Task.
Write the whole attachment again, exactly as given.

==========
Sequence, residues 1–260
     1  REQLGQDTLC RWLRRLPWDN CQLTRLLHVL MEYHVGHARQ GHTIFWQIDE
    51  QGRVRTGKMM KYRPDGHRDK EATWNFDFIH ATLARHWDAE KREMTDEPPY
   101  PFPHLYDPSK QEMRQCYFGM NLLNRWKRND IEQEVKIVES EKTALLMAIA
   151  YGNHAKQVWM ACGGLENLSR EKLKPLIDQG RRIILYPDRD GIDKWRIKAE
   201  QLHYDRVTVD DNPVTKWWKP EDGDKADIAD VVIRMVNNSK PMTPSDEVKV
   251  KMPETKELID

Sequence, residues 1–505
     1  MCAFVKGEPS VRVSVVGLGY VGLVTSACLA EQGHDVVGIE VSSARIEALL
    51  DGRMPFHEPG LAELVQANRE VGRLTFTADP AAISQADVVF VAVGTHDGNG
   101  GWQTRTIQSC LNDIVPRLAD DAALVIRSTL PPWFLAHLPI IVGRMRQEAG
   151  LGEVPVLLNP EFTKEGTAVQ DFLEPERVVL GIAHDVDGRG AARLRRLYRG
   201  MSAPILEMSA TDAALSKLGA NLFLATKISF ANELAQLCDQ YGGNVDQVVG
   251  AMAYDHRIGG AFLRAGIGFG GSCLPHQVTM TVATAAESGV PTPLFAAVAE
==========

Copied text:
Sequence, residues 1–260
     1  REQLGQDTLC RWLRRLPWDN CQLTRLLHVL MEYHVGHARQ GHTIFWQIDE
    51  QGRVRTGKMM KYRPDGHRDK EATWNFDFIH ATLARHWDAE KREMTDEPPY
   101  PFPHLYDPSK QEMRQCYFGM NLLNRWKRND IEQEVKIVES EKTALLMAIA
   151  YGNHAKQVWM ACGGLENLSR EKLKPLIDQG RRIILYPDRD GIDKWRIKAE
   201  QLHYDRVTVD DNPVTKWWKP EDGDKADIAD VVIRMVNNSK PMTPSDEVKV
   251  KMPETKELID

Sequence, residues 1–505
     1  MCAFVKGEPS VRVSVVGLGY VGLVTSACLA EQGHDVVGIE VSSARIEALL
    51  DGRMPFHEPG LAELVQANRE VGRLTFTADP AAISQADVVF VAVGTHDGNG
   101  GWQTRTIQSC LNDIVPRLAD DAALVIRSTL PPWFLAHLPI IVGRMRQEAG
   151  LGEVPVLLNP EFTKEGTAVQ DFLEPERVVL GIAHDVDGRG AARLRRLYRG
   201  MSAPILEMSA TDAALSKLGA NLFLATKISF ANELAQLCDQ YGGNVDQVVG
   251  AMAYDHRIGG AFLRAGIGFG GSCLPHQVTM TVATAAESGV PTPLFAAVAE